Oil base paint – How do I know?
The rule in painting has always been, if it was painted with an oil base/alkyd paint, you need to recoat with an oil base/alkyd paint. With the new Canadian VOC regulations regarding paints and primers, the old rules will have to change. Soon oil base/alkyd paints will no longer be available.
The problem then is two-fold: 1/ how do you know if the surface was painted with oil base / alkyd paint and now, 2/ how do you recoat it?
Generally speaking, if you can get a chip of paint from your surface then old oil base / alkyd paint will be brittle. Also, as the paint breaks down in the sun, oil base / alkyd paints tend to chalk more than latex or acrylic paints.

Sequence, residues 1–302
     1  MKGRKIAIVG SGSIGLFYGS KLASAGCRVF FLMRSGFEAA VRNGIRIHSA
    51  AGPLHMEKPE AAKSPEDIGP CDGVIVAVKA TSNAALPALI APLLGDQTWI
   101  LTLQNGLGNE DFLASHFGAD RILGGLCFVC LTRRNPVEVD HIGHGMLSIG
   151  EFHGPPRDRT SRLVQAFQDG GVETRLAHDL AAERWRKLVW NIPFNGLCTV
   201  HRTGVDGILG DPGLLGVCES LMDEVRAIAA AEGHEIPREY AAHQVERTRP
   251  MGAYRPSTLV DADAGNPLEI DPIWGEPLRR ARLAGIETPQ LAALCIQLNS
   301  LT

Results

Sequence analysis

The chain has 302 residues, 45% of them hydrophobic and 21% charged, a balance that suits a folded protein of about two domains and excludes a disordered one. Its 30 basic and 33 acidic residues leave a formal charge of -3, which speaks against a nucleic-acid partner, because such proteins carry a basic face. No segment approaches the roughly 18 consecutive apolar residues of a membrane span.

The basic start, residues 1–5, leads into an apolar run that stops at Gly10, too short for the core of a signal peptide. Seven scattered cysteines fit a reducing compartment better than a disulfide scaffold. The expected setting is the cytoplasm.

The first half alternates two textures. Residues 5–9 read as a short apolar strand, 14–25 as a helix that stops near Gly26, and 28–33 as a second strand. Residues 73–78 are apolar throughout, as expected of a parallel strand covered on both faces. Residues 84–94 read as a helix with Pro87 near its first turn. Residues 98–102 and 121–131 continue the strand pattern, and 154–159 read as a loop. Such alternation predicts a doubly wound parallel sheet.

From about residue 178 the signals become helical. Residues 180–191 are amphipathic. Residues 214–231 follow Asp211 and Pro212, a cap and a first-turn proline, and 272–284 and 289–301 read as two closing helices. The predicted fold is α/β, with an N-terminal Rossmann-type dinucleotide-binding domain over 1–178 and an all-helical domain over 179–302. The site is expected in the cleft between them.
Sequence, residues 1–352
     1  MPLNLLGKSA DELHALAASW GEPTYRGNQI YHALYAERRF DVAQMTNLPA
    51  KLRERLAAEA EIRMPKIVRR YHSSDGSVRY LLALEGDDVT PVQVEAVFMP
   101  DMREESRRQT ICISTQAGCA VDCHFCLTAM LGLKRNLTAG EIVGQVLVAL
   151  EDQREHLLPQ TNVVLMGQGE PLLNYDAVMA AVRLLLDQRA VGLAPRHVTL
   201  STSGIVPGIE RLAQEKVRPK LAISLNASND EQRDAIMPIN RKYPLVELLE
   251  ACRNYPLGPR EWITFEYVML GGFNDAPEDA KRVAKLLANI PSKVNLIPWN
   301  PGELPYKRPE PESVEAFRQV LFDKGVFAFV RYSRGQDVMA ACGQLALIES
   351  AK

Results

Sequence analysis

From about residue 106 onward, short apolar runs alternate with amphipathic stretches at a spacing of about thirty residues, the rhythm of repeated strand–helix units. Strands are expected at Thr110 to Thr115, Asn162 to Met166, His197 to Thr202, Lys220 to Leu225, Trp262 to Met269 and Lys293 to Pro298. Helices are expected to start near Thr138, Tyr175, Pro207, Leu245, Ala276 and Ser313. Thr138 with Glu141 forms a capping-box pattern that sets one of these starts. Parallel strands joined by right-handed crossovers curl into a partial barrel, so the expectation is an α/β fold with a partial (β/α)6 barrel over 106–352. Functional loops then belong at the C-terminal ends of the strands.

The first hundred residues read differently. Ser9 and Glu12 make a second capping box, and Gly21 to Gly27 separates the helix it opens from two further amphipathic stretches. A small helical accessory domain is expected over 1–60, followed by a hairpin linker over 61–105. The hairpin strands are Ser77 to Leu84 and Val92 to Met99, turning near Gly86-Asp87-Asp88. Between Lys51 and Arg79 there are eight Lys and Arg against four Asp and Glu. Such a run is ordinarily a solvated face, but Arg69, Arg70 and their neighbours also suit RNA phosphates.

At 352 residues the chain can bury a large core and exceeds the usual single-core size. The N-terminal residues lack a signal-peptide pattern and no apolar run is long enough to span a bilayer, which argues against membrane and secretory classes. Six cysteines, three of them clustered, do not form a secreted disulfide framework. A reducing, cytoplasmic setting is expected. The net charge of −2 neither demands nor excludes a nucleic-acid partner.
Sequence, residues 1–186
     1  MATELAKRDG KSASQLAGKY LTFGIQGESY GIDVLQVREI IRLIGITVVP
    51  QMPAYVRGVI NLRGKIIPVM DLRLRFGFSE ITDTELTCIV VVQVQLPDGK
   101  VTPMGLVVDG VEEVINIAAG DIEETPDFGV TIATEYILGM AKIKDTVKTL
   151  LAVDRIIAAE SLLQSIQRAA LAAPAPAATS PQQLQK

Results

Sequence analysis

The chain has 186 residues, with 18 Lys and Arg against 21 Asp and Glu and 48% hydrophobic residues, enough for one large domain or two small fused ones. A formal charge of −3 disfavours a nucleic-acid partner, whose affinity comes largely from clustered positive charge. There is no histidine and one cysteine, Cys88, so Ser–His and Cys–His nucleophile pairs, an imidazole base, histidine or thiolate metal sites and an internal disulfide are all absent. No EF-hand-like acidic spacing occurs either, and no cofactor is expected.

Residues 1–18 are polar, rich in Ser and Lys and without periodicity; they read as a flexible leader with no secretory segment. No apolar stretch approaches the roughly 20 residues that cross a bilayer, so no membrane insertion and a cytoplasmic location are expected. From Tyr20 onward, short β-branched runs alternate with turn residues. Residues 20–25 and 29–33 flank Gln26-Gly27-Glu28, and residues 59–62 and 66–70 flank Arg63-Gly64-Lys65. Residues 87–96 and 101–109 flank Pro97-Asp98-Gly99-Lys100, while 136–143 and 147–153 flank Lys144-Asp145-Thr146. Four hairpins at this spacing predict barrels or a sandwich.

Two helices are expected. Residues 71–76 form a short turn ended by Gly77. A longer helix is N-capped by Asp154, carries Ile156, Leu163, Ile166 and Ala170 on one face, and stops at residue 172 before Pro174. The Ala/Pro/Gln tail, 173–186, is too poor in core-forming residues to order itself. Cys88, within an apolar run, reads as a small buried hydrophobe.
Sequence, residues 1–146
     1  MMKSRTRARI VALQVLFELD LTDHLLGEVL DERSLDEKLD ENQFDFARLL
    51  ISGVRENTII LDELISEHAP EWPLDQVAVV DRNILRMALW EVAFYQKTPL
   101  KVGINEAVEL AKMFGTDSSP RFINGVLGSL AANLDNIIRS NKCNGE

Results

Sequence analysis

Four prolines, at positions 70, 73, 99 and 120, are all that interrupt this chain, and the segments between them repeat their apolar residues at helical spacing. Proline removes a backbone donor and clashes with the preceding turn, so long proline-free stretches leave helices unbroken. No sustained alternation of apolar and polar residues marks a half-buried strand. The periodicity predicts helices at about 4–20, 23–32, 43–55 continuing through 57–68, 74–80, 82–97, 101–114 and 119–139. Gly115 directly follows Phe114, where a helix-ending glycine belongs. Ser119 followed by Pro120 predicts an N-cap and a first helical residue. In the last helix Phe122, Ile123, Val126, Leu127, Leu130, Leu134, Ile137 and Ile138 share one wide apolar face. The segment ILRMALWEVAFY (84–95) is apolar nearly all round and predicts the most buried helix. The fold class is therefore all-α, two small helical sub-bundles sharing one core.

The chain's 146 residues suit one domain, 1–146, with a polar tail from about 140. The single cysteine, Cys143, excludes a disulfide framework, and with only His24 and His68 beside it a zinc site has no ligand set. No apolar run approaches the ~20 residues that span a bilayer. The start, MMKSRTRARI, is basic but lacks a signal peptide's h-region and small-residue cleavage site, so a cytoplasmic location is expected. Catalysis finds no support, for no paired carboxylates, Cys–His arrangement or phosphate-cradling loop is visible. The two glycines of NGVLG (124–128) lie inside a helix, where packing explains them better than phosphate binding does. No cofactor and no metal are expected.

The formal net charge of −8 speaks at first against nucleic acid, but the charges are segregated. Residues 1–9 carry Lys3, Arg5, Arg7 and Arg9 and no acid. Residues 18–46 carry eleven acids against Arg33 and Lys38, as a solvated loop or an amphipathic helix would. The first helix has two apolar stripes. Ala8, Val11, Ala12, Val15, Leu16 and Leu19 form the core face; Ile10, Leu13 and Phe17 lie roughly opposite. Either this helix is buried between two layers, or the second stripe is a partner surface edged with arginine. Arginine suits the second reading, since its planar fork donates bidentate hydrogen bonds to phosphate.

Nail polish remover with acetone or methyl hydrate will dissolve latex and acrylic paint. If you wipe the painted surface with a clean rag dipped in the chemical and the paint comes off on the rag (more than just the surface chalk) then you have acrylic / latex paint. If not, you have oil base / alkyd paint.
Knowing this difference is important; now you can determine which products to use to recoat.